undersigned has given that rating little weight.
The Commissioner argues that the ALJ did not err in discounting the VA rating, as
the ALJ “fully and properly considered Plaintiff’s statement that he had a 100% disability
rating.” Doc. 18 at 9. The Commissioner also points out that “the record before the ALJ
contained only Plaintiff’s statements regarding his VA rating and not the actual VA
determination.” Id. Presumably, the Commissioner finds the absence of “the actual VA
determination” in the record below supportive of the conclusion that the ALJ properly
discounted the VA rating. Notably, however, the ALJ does not rely upon a lack of tangible
evidence in the record to discount the rating, but instead bases her discount upon a
difference in governmental agency procedure.
“The SSA regulations provide a decision by any nongovernmental or governmental
agency concerning whether an individual is disabled, based on that agency’s own rules,
does not constitute an SSA decision regarding whether that individual is disabled.”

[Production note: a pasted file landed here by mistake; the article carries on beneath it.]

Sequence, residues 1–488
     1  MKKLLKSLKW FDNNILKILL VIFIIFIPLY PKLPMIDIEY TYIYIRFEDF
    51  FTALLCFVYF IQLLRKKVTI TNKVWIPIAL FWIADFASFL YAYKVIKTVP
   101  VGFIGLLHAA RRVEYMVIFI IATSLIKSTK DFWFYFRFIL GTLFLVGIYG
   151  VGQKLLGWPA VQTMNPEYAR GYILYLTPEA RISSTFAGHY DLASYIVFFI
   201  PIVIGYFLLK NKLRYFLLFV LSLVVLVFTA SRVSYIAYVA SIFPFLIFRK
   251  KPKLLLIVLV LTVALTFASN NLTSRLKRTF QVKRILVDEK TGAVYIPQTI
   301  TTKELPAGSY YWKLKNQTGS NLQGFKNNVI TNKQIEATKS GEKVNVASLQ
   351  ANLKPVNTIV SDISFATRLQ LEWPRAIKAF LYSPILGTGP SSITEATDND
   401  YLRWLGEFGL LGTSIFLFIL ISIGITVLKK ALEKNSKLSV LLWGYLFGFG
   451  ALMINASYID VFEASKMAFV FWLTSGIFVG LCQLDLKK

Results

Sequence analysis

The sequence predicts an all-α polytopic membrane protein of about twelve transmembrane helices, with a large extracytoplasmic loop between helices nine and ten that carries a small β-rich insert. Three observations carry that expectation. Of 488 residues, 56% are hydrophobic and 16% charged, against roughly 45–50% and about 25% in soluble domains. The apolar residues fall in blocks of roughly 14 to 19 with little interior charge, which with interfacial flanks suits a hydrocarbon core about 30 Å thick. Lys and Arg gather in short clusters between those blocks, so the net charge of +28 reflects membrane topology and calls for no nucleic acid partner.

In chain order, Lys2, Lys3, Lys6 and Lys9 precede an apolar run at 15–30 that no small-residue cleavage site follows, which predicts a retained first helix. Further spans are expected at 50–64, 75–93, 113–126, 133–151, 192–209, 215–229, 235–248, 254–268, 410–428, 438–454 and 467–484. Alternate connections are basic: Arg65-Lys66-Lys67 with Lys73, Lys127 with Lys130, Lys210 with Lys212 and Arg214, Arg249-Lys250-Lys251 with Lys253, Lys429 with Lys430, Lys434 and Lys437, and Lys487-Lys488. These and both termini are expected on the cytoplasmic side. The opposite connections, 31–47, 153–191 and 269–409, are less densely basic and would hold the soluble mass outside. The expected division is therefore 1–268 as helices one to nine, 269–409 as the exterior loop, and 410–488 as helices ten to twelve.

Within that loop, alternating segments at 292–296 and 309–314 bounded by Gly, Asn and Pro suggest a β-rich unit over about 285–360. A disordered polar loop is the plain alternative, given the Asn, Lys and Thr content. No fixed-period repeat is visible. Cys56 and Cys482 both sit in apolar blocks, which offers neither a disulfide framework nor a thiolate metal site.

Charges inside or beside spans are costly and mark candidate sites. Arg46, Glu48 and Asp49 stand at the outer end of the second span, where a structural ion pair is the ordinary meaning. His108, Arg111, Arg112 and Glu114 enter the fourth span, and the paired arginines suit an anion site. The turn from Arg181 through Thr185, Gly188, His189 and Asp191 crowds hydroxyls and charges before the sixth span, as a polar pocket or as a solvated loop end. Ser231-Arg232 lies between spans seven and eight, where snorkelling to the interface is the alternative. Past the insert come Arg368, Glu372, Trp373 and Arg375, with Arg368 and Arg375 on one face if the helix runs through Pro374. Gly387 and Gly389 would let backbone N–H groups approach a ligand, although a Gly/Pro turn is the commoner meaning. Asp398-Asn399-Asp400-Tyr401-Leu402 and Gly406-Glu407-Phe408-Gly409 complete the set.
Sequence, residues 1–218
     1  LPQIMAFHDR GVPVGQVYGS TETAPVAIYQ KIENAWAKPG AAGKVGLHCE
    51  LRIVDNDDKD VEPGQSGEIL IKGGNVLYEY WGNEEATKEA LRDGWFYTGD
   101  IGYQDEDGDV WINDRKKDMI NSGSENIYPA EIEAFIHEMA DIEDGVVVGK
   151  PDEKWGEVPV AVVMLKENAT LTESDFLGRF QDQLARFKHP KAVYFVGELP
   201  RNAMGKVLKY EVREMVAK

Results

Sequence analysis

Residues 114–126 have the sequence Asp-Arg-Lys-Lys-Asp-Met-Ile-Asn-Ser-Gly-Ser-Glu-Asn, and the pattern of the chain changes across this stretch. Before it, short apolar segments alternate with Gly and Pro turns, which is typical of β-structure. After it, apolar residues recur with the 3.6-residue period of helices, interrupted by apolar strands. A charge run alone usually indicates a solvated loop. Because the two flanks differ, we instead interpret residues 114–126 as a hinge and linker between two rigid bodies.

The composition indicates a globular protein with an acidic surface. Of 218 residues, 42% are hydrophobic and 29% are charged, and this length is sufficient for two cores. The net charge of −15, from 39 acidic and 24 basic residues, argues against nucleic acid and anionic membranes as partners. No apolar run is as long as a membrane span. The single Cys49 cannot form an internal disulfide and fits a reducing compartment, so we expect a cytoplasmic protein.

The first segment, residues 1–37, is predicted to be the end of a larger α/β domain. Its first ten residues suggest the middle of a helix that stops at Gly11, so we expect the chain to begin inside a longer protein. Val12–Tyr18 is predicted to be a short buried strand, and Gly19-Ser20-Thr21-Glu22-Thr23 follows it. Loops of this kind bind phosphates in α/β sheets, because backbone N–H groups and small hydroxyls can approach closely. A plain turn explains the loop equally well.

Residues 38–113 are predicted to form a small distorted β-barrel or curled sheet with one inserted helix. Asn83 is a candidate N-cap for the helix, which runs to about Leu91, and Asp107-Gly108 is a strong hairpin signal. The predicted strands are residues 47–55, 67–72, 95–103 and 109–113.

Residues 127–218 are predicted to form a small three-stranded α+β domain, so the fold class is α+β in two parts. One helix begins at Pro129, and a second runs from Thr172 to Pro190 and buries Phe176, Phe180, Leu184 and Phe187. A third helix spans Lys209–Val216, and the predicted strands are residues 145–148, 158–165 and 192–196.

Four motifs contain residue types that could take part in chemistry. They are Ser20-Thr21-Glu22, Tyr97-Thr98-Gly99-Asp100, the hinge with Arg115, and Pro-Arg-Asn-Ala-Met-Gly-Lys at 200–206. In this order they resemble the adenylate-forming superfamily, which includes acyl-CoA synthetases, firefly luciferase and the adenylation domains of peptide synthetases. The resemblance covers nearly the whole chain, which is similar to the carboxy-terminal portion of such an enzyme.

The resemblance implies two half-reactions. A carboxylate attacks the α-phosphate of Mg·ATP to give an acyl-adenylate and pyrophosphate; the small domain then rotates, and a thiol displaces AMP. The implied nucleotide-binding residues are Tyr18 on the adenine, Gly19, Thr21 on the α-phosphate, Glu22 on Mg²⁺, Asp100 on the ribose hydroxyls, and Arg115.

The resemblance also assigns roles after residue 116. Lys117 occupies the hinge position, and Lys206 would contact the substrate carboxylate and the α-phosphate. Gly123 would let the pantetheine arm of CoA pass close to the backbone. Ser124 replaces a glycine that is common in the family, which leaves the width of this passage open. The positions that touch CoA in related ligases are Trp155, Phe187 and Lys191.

Ostborg v. Comm’r of Soc. Sec., 610 F. App’x 907, 914 (11th Cir. 2015) (citing 20 C.F.R.
§ 404.1504). Numerous Eleventh Circuit cases recognize that, although a VA disability
rating is not binding on the Commissioner, it is evidence that must be considered and
entitled to “great weight.” See, e.g., Brady v. Heckler, 724 F.2d 914, 921 (11th Cir. 1984)
(“Although the V.A.’s disability rating is not binding on the [Commissioner], it is evidence
that should be given great weight.”) (internal quotation marks and citation omitted);
Bloodsworth v. Heckler, 703 F.2d 1233, 1241 (11th Cir. 1983) (“The findings of disability
by another agency, although not binding on the [Commissioner], are entitled to great
weight.”); Kemp v. Astrue, 308 F. App’x 423, 426 (11th Cir. 2009) (“‘A VA rating is